Cook Time: 10 minutes
Total Time: 25 minutes
- 4 chicken thighs, OR 2 chicken breasts, sliced into bite-size pieces
- 6-8 fresh shiitake mushrooms, sliced, or your own choice of mushrooms to equal 1-2 cups
- 1/4 cup chopped shallots or purple onion
- 2 thumb-size pieces galangal or ginger, sliced into matchstick-like pieces
- 3-4 cloves garlic, minced
- 1-2 fresh red or green chilies, or 1/4 to 3/4 tsp. chili flakes (1/4 tsp. = mild)
- 1 tsp. cornstarch powder dissolved in 3 Tbsp. soy sauce
- 2 Tbsp. sherry
- handful fresh basil (or substitute fresh coriander)
- TAMARIND SAUCE:
- 2 tsp. Tamarind paste (Note: if you can’t find this at Asian stores, look for it at an Indian food store)
- 1/3 cup chicken stock
- 2+1/2 Tbsp. fish sauce
- 2 Tbsp. sugar
- Place sliced chicken in a bowl and pour over the cornstarch and soy sauce mixture. Stir well to saturate chicken with the sauce. Set near the stove to marinate while you make the tamarind sauce.
- Make the tamarind sauce by mixing all sauce ingredients together in a cup (the tamarind paste and sugar should more or less dissolve in the water and fish sauce. If your paste is very thick, you may want to heat up the stock to help dissolve it). Also set near the stove.
- Heat a wok or large frying pan over high or medium-high heat. Drizzle in 2-3 Tbsp. oil, then add the garlic, ginger, and chicken (together with its cornstarch/soy sauce marinade).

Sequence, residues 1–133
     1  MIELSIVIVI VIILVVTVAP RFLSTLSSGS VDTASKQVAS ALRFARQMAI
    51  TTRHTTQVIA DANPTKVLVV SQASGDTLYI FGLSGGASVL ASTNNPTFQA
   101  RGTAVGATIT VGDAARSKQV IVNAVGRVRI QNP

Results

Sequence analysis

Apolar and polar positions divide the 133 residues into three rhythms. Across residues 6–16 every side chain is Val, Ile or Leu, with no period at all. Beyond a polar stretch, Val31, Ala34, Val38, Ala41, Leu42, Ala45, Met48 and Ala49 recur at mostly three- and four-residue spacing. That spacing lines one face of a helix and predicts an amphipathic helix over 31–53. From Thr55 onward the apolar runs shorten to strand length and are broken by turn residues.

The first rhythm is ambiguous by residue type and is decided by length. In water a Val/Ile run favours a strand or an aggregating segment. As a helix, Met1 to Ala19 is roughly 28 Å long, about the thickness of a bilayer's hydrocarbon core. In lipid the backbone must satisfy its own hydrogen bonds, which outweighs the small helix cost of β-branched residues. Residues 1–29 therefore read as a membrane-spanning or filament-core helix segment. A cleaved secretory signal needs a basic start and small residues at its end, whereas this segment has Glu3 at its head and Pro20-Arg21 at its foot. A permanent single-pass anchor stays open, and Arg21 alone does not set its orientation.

- Stir-fry about 2-3 minutes, or until chicken is opaque when sliced through. Add a little sherry (1 Tbsp. at a time) as you stir-fry, whenever the pan starts to become dry.
- Add the mushrooms, plus start adding the tamarind sauce 2-3 Tbsp. at a time. Continue stir-frying in this way until all the sauce has been added and the chicken/mushrooms are cooked (4-5 minutes).
- Remove from heat. Now, very importantly, you need to taste-test and adjust the seasonings. What you’re looking for is a taste similar to “sweet & sour” – a pleasantly tangy flavor. You may have to add up to 1 Tbsp. fish sauce (instead of salt) and another Tbsp. or two of sugar in order to take the sour edge off the tamarind flavor, which is very strong, but excellent once balanced with sweet and salty flavors! This is a very individual kind of preference – if you like “sour”, you may not need to add more sugar. If the dish isn’t spicy enough for you, add a little more fresh chili (or chili sauce). If it turns out too salty, add a squeeze of fresh lime or lemon juice. Note that the sourness factor also depends on how thick or strong your tamarind paste is.
- Serve with plenty of jasmine rice and fresh basil sprinkled over.